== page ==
University of Arkansas Researchers Combine Technologies to Heal Patients, Virtually
FAYETTEVILLE, Ark. – University of Arkansas researchers seeking new ways to make health care more efficient and cost-effective have built a new kind of hospital: one that uses location aware systems, sensors, smart devices, radio-frequency identification and virtual reality.
Anyone can visit this hospital, dubbed the Razorback Hospital by some, on the University of Arkansas island in Second Life, a free online 3-D virtual world.
This spring and summer about 40 university students, working with six high school students from the Environmental and Spatial Technology Initiative (EAST), worked with professors Craig Thompson and Fran Hagstrom to create the virtual hospital and supply chain in Second Life. They will offer a public demonstration and discussion of this world at noon on Thursday, Aug. 7, at the Northwest Arkansas EAST Training Center in Room 263 of the J.B. Hunt Transport Services Inc. Center for Academic Excellence.
The students have visited local hospitals to understand what needs exist. They have created a building with patient rooms, intensive care, a diagnostics suite, a pharmacy and supply rooms. Because limits in Second Life only exist in the imagination, professors and students can create things that they have reason to believe will exist soon in the real world, then interact with those items to see how they work.
“Students in my spring artificial intelligence class developed ‘smart’ pill bottles that only the owner can open and that know their pill count, smart shelves that know when to re-order, a restocking robot, wheelchairs that can follow way points and virtual RFID readers and tags,” said Thompson, a professor in the computer science and computer engineering department and holder of the Acxiom Database Chair in Engineering.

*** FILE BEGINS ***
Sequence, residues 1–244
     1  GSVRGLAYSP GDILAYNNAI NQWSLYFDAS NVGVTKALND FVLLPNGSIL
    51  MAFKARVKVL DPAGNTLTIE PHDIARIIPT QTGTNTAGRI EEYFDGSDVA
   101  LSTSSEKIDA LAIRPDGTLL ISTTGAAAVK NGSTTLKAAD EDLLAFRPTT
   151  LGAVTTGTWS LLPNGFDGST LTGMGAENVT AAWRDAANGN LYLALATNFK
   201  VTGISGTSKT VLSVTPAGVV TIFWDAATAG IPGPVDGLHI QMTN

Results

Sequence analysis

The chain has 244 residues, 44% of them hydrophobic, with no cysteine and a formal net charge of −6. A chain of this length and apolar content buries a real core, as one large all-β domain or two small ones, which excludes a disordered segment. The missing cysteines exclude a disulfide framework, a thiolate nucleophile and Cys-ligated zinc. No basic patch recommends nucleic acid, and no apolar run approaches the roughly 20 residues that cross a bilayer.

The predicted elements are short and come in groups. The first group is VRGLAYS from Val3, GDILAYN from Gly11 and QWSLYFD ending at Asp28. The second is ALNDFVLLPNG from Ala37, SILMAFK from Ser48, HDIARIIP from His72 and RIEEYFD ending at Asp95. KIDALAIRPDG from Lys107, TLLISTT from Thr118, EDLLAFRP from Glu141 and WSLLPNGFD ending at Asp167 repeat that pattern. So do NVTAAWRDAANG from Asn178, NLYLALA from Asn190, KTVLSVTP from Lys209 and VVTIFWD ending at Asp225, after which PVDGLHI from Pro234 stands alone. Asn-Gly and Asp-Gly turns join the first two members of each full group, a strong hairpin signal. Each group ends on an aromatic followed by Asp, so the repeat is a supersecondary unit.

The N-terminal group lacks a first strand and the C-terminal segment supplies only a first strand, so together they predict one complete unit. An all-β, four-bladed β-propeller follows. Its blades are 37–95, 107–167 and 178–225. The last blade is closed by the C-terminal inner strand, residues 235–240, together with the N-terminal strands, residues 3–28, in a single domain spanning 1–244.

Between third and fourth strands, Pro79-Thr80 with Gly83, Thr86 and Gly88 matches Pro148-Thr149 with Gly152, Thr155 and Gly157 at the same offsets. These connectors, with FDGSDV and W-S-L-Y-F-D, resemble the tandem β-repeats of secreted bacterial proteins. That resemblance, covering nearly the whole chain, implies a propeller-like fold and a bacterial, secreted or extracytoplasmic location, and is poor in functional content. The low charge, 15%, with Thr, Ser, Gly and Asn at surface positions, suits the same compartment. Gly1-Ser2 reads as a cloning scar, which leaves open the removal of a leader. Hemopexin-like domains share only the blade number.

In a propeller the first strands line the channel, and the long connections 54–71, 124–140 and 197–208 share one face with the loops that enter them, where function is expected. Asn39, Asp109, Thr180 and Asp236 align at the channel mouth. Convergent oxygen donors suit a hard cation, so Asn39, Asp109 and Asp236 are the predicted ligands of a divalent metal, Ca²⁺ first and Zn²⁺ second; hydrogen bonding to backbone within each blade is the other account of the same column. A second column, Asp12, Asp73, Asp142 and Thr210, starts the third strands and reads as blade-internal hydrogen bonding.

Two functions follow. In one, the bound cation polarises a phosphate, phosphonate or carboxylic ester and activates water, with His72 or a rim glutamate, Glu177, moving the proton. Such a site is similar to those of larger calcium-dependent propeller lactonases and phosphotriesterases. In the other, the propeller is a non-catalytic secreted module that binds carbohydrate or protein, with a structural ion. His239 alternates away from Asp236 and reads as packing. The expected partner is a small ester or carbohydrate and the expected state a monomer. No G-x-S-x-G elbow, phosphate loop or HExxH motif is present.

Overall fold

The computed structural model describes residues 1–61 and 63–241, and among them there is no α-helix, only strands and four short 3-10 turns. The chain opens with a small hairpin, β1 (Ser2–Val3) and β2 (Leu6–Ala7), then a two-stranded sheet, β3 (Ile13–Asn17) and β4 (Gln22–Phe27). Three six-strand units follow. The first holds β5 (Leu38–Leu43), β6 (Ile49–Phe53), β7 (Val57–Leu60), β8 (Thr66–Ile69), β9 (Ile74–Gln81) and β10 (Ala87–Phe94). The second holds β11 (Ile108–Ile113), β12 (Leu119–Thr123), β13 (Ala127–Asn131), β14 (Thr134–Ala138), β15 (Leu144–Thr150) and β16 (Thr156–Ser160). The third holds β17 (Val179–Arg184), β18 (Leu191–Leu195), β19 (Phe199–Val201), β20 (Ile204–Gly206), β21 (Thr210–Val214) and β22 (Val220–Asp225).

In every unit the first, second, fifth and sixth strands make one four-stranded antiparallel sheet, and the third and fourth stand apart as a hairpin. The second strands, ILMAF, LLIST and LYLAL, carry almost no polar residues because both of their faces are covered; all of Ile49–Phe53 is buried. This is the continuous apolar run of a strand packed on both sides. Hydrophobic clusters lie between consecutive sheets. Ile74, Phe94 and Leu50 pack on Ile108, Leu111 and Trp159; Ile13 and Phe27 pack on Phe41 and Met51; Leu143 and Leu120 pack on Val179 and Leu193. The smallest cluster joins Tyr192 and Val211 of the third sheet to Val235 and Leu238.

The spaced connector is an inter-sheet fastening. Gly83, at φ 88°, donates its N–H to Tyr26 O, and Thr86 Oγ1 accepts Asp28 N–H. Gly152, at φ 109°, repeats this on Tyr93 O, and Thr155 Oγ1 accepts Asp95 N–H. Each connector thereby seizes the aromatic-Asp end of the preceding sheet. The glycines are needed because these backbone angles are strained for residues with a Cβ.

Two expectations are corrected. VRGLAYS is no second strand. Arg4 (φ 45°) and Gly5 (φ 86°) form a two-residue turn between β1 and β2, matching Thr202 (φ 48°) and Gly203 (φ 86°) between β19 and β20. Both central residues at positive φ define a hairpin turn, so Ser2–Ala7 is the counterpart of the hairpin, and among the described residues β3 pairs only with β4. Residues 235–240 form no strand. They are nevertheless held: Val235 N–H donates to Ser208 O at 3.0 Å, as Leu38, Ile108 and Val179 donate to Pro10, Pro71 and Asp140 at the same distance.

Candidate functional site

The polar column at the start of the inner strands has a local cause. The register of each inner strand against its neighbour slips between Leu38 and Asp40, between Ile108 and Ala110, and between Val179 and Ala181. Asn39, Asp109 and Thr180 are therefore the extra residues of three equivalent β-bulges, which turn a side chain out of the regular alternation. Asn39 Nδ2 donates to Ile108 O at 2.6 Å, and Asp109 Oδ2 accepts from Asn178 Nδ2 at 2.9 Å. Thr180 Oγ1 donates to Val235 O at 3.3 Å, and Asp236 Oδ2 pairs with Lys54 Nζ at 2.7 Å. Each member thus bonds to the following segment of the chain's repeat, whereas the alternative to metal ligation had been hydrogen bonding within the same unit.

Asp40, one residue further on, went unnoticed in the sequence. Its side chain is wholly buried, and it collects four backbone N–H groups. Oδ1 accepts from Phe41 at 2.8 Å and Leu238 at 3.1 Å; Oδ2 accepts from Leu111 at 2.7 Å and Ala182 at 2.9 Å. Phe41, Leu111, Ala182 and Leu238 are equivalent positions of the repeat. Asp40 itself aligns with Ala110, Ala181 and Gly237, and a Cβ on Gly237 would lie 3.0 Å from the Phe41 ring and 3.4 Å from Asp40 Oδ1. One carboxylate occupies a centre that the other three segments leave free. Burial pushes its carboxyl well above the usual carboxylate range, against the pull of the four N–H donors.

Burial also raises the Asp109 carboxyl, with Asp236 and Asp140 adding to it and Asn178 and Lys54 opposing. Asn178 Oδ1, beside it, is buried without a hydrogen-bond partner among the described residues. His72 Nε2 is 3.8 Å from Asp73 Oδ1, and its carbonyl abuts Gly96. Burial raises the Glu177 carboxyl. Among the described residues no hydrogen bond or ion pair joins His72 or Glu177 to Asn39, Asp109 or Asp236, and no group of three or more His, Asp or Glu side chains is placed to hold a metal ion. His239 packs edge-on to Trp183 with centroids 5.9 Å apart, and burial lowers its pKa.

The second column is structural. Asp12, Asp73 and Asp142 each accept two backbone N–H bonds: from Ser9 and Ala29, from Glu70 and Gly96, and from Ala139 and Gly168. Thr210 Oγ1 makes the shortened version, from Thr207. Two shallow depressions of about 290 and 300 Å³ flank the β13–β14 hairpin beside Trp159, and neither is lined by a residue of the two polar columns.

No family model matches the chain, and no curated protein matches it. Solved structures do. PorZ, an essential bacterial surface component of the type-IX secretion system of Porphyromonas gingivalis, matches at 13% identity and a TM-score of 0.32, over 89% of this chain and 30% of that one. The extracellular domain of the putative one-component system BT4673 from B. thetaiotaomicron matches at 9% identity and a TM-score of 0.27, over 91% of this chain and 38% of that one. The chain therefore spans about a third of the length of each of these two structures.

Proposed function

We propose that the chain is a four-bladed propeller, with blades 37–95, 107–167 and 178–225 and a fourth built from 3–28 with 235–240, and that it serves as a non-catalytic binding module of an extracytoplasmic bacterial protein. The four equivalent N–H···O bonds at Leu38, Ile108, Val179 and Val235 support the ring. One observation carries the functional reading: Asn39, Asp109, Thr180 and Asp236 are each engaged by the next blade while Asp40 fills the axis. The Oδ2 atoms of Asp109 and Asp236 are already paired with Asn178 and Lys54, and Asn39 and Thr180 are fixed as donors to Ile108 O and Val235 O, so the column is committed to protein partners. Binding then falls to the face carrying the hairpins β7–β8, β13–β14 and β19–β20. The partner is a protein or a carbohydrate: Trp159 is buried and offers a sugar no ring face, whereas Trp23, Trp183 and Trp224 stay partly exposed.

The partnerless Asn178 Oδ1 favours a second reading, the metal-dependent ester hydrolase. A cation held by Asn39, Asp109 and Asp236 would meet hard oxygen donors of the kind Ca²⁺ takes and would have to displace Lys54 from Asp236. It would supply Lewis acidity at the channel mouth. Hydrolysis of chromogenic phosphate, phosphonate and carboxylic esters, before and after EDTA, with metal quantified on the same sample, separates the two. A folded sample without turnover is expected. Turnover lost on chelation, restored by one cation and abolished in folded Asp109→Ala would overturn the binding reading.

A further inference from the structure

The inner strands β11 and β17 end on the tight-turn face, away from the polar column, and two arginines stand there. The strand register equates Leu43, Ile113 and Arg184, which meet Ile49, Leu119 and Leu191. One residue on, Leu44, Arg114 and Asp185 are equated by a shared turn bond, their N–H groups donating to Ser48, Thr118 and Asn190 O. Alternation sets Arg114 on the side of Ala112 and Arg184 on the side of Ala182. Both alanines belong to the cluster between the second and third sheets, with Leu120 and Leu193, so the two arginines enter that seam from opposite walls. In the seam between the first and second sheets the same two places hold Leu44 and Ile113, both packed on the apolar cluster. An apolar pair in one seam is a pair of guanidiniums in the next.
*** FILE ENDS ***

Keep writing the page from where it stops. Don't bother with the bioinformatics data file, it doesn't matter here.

The students also had to create something that most avatars, or the virtual beings within Second Life, lack – internal organs. Now the virtual doctors in the hospital can perform virtual organ transplant operations.
“We feel there is huge potential here – well beyond health care or the groups we have touched so far,” said Adam Barnes, a staff member on the project. “The project is really about the future world we will all live in – where every object is a network object and humans can communicate with things as well as they do with each other.”
“This program cuts across the boundaries of departments and colleges, with participants and ideas from the colleges of engineering, business, education and arts and sciences,” said Malcolm Williamson, a research associate with the Center for Advanced Spatial Technologies, who works with the project. “This is a perfect example of what the J.B. Hunt Transportation Center for Excellence was designed for.” Partners in the project include the Center for Innovation in Healthcare Logistics, the RFID Research Center, the Center for Advanced Spatial Technologies, the Arkansas Science and Technology Authority and the EAST Initiative.
EAST is a performance-based learning environment for high school students that combines problem-based service learning and advanced technological applications to develop solutions to everyday challenges. There are more than 170 EAST classrooms in Arkansas. In total, there are 193 EAST classrooms in seven states, including Hawaii, Oklahoma, Illinois and California. Please visit www.EASTinitiative.org for more information on EAST.
Please visit http://vw.ddns.uark.edu for more information on the project.
Craig Thompson, professor, computer science and computer engineering
College of Engineering
(479) 575-6519, email@example.com
Fran Hagstrom, assistant professor, communication disorders
College of Education and Health Professions
(479) 575-4910, firstname.lastname@example.org
Malcolm Williamson, research assistant, Center for Advanced Spatial Technologies
J. William Fulbright College of Arts and Sciences
(479) 575-2734, email@example.com
Amy Glover Bryant, director of development and communications, EAST Initiative
(501) 371-5016, amy@EASTproject.org
Melissa Lutz Blouin, director of science and research communications
(479) 575-5555, firstname.lastname@example.org
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